The tenant screening process is your first and most important line of defense against the consequences of moving in the wrong tenants. With the uptick in eviction activity, proper screening can save you a significant amount of time and money down the road.
In addition to the increase in the number of evictions, more and more of those evictions are going to trial. Stephen Duringer, Esq., founder of the Duringer Law Group, one of the largest landlord tenant firms in California, specializing in tenant eviction advises his clients to screen prospective residents thoroughly, it is more important now than ever. His firm handles hundreds of evictions each month, including dozens of jury trials weekly, a marked increase over past years.
“Now you have to screen like crazy, there is no excuse for taking shortcuts in screening. There’s a movement to restrict landlords from criminal background checks,” said Duringer. “Landlords need to know who they’re putting in their building. This is a duty to not only themselves but their neighbors.”
While it is difficult to pinpoint just how much an eviction would cost, there are trends providing insights to the financial burden and amount of time it takes to complete the process.
According to Duringer, half of all evictions are uncontested and can usually be completed within 21 days for under $750. This is the best case scenario for landlords and property managers, should the eviction go uncontested.
The best-case scenario however, is often not what is to be expected. Approximately one-third of all eviction cases are contested and can cost about $1,200 and can typically be completed in six weeks or less. This typically occurs when the residents answer the complaint, the case goes to court and a court trial is heard by a judge, according to Duringer.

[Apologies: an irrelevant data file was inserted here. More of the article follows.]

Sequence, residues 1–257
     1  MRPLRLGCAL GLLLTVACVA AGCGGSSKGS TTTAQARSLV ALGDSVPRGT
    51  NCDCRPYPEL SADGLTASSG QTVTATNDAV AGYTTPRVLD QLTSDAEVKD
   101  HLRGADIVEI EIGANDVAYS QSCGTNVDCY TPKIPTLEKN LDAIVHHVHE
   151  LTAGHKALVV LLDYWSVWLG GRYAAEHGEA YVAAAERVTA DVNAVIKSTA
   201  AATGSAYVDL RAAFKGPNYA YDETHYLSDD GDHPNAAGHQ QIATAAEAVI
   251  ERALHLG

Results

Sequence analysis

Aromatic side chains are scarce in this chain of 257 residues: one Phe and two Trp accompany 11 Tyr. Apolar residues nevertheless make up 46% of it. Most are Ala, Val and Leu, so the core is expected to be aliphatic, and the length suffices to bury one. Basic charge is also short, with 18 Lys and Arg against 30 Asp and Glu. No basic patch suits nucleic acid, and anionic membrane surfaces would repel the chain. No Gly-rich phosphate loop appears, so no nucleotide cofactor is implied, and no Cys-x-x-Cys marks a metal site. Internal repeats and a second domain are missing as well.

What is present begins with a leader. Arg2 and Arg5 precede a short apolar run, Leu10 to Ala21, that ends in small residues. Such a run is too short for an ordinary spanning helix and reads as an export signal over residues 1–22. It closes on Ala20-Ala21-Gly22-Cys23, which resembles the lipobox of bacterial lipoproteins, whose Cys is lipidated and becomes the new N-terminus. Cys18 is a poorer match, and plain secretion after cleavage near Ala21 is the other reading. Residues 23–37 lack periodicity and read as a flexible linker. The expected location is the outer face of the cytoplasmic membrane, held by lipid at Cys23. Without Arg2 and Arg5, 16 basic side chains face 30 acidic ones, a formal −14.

With state programs available such as the Shriver Act, providing free legal advice and free representation to renters going through an eviction in certain courts in the state of California, an otherwise relatively simple eviction can become more complex. Discovery, motions, and jury trial demands are all too common, resulting in increased costs, added drama, court delays and further delays re-renting the property.
Also consider that lost rent continues to accrue during the legal dispute which only adds to the final price tag of the eviction.
The remaining, a small percentage of eviction cases are the nightmare scenarios for landlords and property managers. These typically involve Federal court motions, discovery, depositions, motions, one or several bankruptcies, jury demands, etc. These situations can drag on for several months and in rare situations, attorney fees and costs can exceed $5,000, sometimes much more.
“In those cases you see a lot of games and discovery, which is what makes it expensive,” said Duringer. “Depositions, Federal court litigation, discovery, demands for jury trial or bankruptcies are the latest games being played. Increasingly, tenants are filing motions to transfer the state cases to Federal Court. These however, are pretty much isolated, and relatively easy to overcome, however they can get expensive.”
While these scenarios are relatively rare, in the event of a situation where you have property damage or an ongoing legal battle – it can cause additional strain and stress by preventing you from re-renting the property. Excessive damage, for example can run into the thousands of dollars to repair and require months of labor before the vacancy is ready for the next renters.
More than the potential damage to the property and your wallet however, is the harm to your reputation. Should the presence of a Sheriff be required to handle an Unlawful Detainer situation or if word spreads throughout the neighborhood or community about the situation – it can have negative consequences for the reputation you have worked so hard to build and protect.
Remember, not all tenant screening is created equal. Stop the eviction before moving the wrong tenants in. To learn more about CIC’s comprehensive screening solutions, visit www.cicreports.com today!
By: Laura Mowry